Preventive war

From Academic Kids

A preventive war is a war in which one state attacks another under the proclamation of preventive self-defense. Preventive war and preemptive war differ in the certainty of an attack. While a preemptive war concerns an imminent attack, preventive war takes place with no military provocation and is therefore a war of aggression, forbidden by international law. The justification often used by states engaging in preventive war is that another state may attack them in the future – thus an attempt to prevent it.



World War I

Leaders of Imperial Germany were concerned that Russia was becoming more powerful and believed that war was inevitable, so sought to provoke a war with Russia as soon as possible.

World War II

Germany's attacks on some neutral countries in the spring of 1940 are often given as examples of preventive wars aiming at preventing Germany's chief enemy Britain from occupying their territories, which would have harmed Germany:

The Bush doctrine, Iraq and Afghanistan

Preventive war has been described as an important element of the Bush Doctrine, although the US government uses the term preemptive in a way which is partly consistent with international usage. It was argued that Iraqi missiles already threatened the United States, although only biological and chemical weapons were yet ready for use. Based on this justification, which after the war turned out to be incorrect, the 2003 invasion of Iraq should have been an example of a preemptive war. The Iraqi missiles while unable to target the United States directly were in violation of the cease fire agreement following the 1991 Gulf War (see below). Their development was one of many cease fire violations cited in support of resumption of hostilities and therefore do not necessarily fall under either preventive or preemptive war definitions. However, the purported threat of Saddam Hussein possibly handing off chemical or biological weapons to terrorist groups that might use them against the United States would be an example of a reason used for a preventive war.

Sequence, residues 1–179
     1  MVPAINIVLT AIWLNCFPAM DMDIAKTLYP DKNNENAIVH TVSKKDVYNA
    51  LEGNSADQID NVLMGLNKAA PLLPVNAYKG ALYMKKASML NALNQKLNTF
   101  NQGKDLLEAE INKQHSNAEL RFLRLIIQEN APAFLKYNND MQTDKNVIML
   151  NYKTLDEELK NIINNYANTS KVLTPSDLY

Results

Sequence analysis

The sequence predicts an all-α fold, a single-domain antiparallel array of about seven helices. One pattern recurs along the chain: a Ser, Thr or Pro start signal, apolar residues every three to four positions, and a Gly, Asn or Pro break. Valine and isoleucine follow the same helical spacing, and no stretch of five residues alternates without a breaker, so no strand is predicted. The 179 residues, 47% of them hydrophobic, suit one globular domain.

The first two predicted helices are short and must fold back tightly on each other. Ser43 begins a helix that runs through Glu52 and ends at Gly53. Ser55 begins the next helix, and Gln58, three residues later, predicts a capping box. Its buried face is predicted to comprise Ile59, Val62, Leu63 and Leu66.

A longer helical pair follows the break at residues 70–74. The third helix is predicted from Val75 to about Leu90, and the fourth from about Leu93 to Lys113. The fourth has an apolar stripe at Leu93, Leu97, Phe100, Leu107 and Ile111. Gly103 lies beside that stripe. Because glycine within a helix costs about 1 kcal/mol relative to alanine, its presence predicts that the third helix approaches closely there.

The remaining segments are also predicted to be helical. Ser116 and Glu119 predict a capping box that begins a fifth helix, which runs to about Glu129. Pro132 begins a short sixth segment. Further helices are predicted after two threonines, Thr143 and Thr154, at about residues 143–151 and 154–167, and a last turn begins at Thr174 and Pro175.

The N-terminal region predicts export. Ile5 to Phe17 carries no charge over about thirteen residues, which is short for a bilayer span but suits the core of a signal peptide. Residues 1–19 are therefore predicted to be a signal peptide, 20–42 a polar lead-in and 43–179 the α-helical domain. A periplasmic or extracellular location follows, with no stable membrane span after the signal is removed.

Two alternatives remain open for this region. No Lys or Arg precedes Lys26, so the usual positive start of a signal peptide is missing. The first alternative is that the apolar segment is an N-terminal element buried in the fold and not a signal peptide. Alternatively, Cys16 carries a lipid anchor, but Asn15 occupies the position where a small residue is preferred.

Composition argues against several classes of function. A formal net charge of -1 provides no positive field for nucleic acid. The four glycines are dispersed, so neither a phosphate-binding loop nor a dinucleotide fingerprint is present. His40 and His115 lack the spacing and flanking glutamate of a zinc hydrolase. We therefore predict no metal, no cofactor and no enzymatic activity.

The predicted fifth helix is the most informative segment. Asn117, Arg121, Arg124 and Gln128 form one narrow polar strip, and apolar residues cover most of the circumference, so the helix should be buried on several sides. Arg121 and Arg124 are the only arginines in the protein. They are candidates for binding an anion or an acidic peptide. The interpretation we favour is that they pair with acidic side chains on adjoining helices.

However, President George W. Bush has claimed, on occasion, that the invasion of Iraq was justified on the grounds that Saddam Hussein may have someday been able to develop nuclear weapons. Based on this justification, the invasion would constitute a preventive war, since there was no impending attack by Iraq. The Bush administration, however, argues that the 1991 Gulf war was never officially finished, and that the invasion was a continuation of that conflict. Of course, many modern wars are never formally declared or finished, and critics of administration policy view this as an attempt to find a legal loophole. However, a cease fire agreement was made after the 1991 Gulf War and certain stipulations were set in place as a condition of that cease fire. If the United Nations Security Council had found continued violation of those stipulations it would have provided a legal basis for resumption of hostilities.

Additionally, some critics of the Bush administration argue that the U.S. invasion of Afghanistan was another example of preventive war. This is due to the fact that the government of Afghanistan did not actually attack the U.S. Rather, Al-Qaeda is widely believed to be responsible, and the President's policy is to attack any country which is believed to be "harboring terrorists."

Proponents of the invasion argued that the September 11 attacks constituted a sufficient reason for an attack on Afghanistan. In support of this, they assert that Afghanistan's Taliban government was assisting Al-Qaeda and this is equivalent to an act of aggression against the U.S. The intricacies of this argument hinge on one's definition of an attack or act of aggression. The Bush doctrine of preventive war still presents unresolved questions: for example, if applied universally it could mean that the United States government (via support of various groups) actively attacks other states on a regular basis.

Alternatively, some argue that the U.S. did not actually initiate a war at all, but simply supported one side (the Northern Alliance) in a civil war. Critics, however, have responded that Afghanistan was not actually engaged in a civil war.

The United States position towards Afghanistan following the September 11, 2001 attack by Al Qaeda terrorists was that the government of Afghanistan was harboring the leader of an organization that executed attacks on them. They also asserted that the Taliban, as the current government of Afghanistan, did not prevent and continued to provide the terrorist organization with the freedom to run multiple camps to train more terrorists who whould then be sent to attack the United States. Considering Osama Bin Laden's declaration of war against the United States, the Bush administration considered this support a hostile act in support of Al-Qaeda. From this point of view the war in Afghanistan was neither preventive nor preemptive.

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